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Copyright © 2015
Forkmedia LLC

by Fred McMillin
for March 21, 2000


Feast of St. Benedict, March 21


Benedict of Nursia (c.480-547) was the founder of Western monasticism, which saved viticulture during the fall of the Roman Empire and the ensuing Dark Ages.

...Monks and Wine, Desmond Seward

The Sky is Falling

Near the ruins of Nero's palace at Subiaco, the hermit had little cause for optimism. In the decades prior to his birth:

  • The Roman legions withdrew from the British Isles because they were needed at home.
  • Barbarians laid siege to Rome until they were persuaded to leave by payments that included 3,000 pounds of coveted pepper.
  • Vandals were invading Spain, and captured Carthage in North Africa.
  • In 455 A.D., the barbarians were back and sacked Rome.

    The Solution

    So the first Benedictine monestary was founded in the hill-town of Cassino. The 15 members divided their time between prayer (they sang all 150 psalms each week), study and agriculture, including viticulture. St. Benedict's 12,000 word Rule of the Master limited wine consumption to half a pint a day.

    The Legacy

    Field Stone Sangiovese  

    For the next five centuries, the only monks were Benedictines. Desmond Seward tells us why their vineyards survived the Visigoths and their ilk...the well-educated, black-robed monks were feared as miracle-workers and magicians. Usually, the monestaries and their vineyards were left alone.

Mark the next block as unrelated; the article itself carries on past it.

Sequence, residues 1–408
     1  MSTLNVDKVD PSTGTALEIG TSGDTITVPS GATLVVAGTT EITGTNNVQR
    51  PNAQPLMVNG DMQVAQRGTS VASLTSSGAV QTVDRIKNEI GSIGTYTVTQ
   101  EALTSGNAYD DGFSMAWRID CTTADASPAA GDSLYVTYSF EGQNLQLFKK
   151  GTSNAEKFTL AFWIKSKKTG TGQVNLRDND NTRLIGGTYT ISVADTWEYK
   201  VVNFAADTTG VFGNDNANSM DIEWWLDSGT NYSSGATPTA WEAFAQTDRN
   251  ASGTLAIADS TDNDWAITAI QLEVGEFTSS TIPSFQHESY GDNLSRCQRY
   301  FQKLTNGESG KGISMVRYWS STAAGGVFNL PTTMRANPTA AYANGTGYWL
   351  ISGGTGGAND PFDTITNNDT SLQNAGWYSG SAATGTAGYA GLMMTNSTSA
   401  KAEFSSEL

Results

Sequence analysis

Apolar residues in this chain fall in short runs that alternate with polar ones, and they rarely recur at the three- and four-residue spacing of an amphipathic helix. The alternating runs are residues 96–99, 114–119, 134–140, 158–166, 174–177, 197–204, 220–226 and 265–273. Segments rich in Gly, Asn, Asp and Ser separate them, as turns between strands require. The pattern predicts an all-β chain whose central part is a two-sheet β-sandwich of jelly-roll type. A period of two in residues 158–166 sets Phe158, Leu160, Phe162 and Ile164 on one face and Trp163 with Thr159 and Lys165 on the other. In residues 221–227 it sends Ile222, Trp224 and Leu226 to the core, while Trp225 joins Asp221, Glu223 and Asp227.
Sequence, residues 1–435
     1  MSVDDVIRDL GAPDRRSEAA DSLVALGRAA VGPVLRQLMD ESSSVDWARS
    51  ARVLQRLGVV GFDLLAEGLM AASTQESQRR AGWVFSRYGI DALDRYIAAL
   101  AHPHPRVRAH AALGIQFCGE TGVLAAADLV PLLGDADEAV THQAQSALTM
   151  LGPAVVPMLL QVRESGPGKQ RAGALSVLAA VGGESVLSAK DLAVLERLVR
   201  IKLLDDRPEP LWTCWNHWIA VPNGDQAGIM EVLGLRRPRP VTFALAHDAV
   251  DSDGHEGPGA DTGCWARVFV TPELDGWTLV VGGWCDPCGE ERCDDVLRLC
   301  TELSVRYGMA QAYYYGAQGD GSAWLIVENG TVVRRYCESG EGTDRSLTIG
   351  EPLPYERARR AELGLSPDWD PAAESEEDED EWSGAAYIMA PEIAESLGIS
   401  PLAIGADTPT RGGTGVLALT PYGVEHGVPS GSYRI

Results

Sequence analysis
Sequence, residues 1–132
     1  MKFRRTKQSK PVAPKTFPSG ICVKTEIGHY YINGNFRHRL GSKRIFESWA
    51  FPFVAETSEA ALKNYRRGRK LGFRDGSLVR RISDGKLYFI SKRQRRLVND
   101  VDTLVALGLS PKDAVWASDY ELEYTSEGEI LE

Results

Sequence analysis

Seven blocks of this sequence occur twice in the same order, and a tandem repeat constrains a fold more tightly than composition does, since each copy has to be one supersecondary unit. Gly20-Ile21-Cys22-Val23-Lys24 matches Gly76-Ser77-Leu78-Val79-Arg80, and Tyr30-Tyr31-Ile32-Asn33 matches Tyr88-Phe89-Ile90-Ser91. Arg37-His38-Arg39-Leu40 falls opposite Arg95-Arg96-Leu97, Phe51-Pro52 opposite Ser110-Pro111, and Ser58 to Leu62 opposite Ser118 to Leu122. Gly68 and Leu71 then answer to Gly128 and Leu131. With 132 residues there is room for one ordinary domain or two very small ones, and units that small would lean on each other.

OK. So today's wine must be made from a varietal that grew in Italy when St. Benedict did, and the winery must have an ecclesiastic connection. The envelope, please.

    The varietal is Sangiovese. Early models of the grape were alive and well near Florence in 500 A.D. The winery is Field Stone. Reverand John Staten is co-owner, and Reverend Roger Hull is the spokesman. Here's their wine.

    1997 Field Stone Sangiovese
    North Coast (Mendocino and Alexander Valley)
    Clones—Includes the Estate's vines of the celebrated Brunello clones.
    The Future—This is the first vintage. Watch for the '98. My Panel's Reaction—Excellent varietal flavors.
    Food Affinities—This is a friendly, flavorful red, not a purple powerhouse. Just as good with a pastrami sandwich at noon, as with an elegant rack of lamb in the evening.
    Price—$18 range (hurry, only 1,100 cases)


    I like the name of a layman who gave St. Benedict "two wooden flasks of wine"—the admirer was "Exhilaratus."

    About the Writer

    Fred McMillin, a veteran wine writer, has taught wine history for 30 years on three continents. He currently teaches wine courses at San Francisco State and San Francisco City College. In 1995, the Academy of Wine Communications honored Fred with one of only 22 Certificates of Commendation awarded to American wine writers.


    This page created March 2000